As many authorities had to scramble to deliver new tools at short notice to assist the fight against the COVID-19 pandemic, it often seemed that those countries which chose to roll their own solution were taking the greatest risk in terms of high cost, delays and poor performance and that a more generic solution delivered by the larger technology companies was a much more efficient route to take.
Unfortunately, it appears Microsoft is doing much to dissuade us of that notion, as the company’s Coronoavirus vaccine scheduling software has failed another state, reports Bloomberg.
Users of Microsoft’s solution in the District of Columbia are reporting several days of multiple issues, including slow loading websites, website crashes and 503 errors.
Adventures in DC vaccine scheduling:
– Phone hotline says it's not a working number
– Website loading at tortoise speed
– Finally get to Q+A page
– Says Captcha is wrong (it's not)
– HTTP Error 503 This service is unavailable
– Webpage crashed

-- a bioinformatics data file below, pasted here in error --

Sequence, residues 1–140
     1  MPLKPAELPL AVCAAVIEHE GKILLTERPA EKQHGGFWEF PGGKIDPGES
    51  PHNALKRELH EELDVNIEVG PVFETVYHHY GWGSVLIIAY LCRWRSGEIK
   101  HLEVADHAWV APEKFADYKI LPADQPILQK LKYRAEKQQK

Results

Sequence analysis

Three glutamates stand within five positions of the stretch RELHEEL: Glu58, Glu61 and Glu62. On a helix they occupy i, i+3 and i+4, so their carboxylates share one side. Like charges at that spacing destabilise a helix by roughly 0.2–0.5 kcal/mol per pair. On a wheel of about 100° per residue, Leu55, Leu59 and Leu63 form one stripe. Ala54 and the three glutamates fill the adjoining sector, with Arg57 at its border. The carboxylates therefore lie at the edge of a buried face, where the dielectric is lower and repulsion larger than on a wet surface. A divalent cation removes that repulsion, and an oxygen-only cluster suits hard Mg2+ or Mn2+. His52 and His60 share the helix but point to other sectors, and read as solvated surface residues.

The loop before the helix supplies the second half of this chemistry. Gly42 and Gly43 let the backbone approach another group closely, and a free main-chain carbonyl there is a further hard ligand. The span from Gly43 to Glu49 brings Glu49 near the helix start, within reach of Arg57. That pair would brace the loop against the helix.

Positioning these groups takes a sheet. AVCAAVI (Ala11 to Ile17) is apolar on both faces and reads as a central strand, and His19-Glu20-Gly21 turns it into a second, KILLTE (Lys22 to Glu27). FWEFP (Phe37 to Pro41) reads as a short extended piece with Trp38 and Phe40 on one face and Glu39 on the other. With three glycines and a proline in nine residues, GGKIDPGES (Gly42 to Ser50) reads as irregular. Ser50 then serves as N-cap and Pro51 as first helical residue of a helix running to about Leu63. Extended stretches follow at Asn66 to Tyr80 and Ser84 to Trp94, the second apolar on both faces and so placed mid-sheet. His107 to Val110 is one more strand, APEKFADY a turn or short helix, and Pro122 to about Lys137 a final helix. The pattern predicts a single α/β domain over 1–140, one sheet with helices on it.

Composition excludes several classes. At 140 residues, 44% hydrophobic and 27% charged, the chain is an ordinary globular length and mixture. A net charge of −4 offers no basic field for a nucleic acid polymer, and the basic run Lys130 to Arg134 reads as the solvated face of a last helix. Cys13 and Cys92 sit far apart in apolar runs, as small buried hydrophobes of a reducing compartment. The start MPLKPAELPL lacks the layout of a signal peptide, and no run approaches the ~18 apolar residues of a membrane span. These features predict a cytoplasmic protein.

— Kayla Tausche (@kaylatausche) February 26, 2021
Another user said “It’s unclear how a website could be this dysfunctional. I don’t even know if I got the appointment or not.”
In a joint statement, Microsoft admitted “that our efforts have fallen short” and vowing to address the problems. “We understand the frustration of individuals who attempted to utilize the District’s vaccination appointment portal this week,” they said and “we are committed to address technical issues so that the vaccination appointment portal is properly functional and accessible.”
The online appointments that were made available today are now booked.
We know this morning was very frustrating for many people. We are working with Microsoft to understand why heavy traffic caused some eligible individuals to not get through.
— DC Health (@_DCHealth) February 25, 2021
Microsoft’s solution had similar problems in New Jersey, with Governor Phil Murphy complained about significant glitches in the state’s Microsoft-built vaccination scheduling system while Iowa backed out of plans to use the solution “after learning more about the breadth of Microsoft’s solution and reviewing the challenges faced by some other states.”
The Council of the District of Columbia plans to hold a hearing March 4 to investigate the issues.